|Headquarters||Chicago, Illinois, U.S.|
|American Institute of Philanthropy|
CharityWatch, formerly known as the American Institute of Philanthropy (AIP), is a 501(c)(3) nonprofit organization in Chicago, created in the United States by Daniel Borochoff in 1992, to provide information about charities' financial efficiency, accountability, governance, and fundraising.
CharityWatch's stated goals are "To research and evaluate the efficiency, accountability and governance of nonprofit organizations; to educate the public about the importance of wise giving; to inform the public of wasteful or unethical practices of nonprofits and provide recognition to highly effective and ethical charities; to advise CharityWatch members and conduct special investigations and evaluations of nonprofits; to expand and re-define our programs periodically to meet the continuing challenge of keeping the contributor informed."
CharityWatch is a nonprofit charity watchdog and rating organization that works to uncover and report on wrongdoing in the nonprofit sector by conducting in-depth analyses of the audited financial statements, tax forms, fundraising contracts, and other reporting of nonprofit. They only review 600 charities out of 1.5 million in the US. CharityWatch encourages donors to give to charities that will allocate most of their contributions to program services that benefit the people and causes that donors wish to support. CharityWatch also promotes charity accountability and transparency through its research on the rapidly changing nonprofit field and through its work with investigative journalists uncovering wrongdoing within the nonprofit sector. CharityWatch rates nonprofits on an A+ (best) to F (worst) scale and provides data on charity executive salaries, governance, public transparency, donor privacy, asset reserves, and other information uncovered by its analysts during their evaluation. It publishes this information on its website and in its biannual Charity Rating Guide & Watchdog Report. CharityWatch also publishes lists of Top-Rated Charities, charities with high assets, and a report of top compensation packages paid to charity executives.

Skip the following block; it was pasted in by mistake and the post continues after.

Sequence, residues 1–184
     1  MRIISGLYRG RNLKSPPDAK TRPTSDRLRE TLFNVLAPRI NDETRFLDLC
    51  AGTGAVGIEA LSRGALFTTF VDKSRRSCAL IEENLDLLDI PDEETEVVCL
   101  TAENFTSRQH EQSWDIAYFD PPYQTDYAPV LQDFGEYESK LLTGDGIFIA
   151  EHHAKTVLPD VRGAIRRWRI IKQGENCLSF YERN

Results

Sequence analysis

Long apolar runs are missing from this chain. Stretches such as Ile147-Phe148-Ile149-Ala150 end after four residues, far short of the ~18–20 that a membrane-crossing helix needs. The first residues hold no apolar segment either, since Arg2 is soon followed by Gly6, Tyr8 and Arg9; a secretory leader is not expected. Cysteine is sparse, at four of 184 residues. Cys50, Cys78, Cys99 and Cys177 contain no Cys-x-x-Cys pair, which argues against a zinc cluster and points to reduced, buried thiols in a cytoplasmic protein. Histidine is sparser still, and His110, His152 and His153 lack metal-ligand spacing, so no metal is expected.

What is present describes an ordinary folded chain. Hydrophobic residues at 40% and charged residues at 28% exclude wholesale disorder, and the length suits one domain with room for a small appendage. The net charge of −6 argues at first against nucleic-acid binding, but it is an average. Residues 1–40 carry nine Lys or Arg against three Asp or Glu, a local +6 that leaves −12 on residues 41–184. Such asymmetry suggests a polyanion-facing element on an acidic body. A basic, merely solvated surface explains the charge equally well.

CharityWatch states that it is independently funded by small donations from the general public and that it receives over 95% of its support this way. The majority of CharityWatch's content is free to the public, including its library of articles, giving tips, resources for donors and journalists, top charity compensation packages, and its full reports on all of its top-rated charities. Membership to access CharityWatch's full content is currently $50 per year.
CharityWatch sets itself apart as a charity watchdog organization that performs individualized analyses of charities' financial reporting. It has been critical of other sources of charity information that produce automated ratings based solely or primarily on computer algorithms whose rating systems can easily be gamed by charities. CharityWatch assigns low ratings to charities that have high fundraising costs and low program spending in cases where other charity raters have assigned the same charities perfect scores. CharityWatch has also assigned high ratings to nonprofits with more complex accounting cases where the simplistic systems of other raters produced unfairly low scored for the same charity.
CharityWatch also investigates ethical issues surrounding charity spending, including salaries and payouts, financial reporting, telemarketing and direct-mail solicitation campaigns, and governance. It shares the results of its research with the media and government agencies and works closely with these parties to educate the public about informed giving. CharityWatch founder Daniel Borochoff has testified before Congress about veterans charities, the aftermath of Hurricanes Katrina and Rita, and the philanthropic response to the 9/11 attacks.
CharityWatch's ratings have received exposure from Congress and the media; including an appearance on the front page of The Washington Post.
CharityWatch founder, Daniel Borochoff, retired from his role as president in 2020, but remains on the charity's board of directors. Laurie Styron, a former CharityWatch analyst, was appointed executive director in his place in February 2020. In 2019, CharityWatch spent $615,950, of which 83% ($510,140) was spent on programs.
In 2005, prior to making all of its rating available on its website, AIP was criticized in a study on rating nonprofits published in the Stanford Social Innovation Review for having a "gotcha" mentality and limited explanation for their ratings. The study criticized several nonprofit watchdog organizations for relying heavily on financial data that is not adequate for evaluating a nonprofit organization and may misguide the public, although the study noted that AIP "recognizes the limitations of the [IRS Form] 990 and thus develops its financial health ratios by analyzing a charity's audited financial statements"
CharityWatch does not take charities' financial reporting at face value even when Generally Accepted Accounting Principles (GAAP) allow charities to include in-kind goods of questionable value in their financial reporting, or allow charities to include telemarketing or direct mail costs in their reported program spending. Many in the nonprofit space have taken issue with this approach.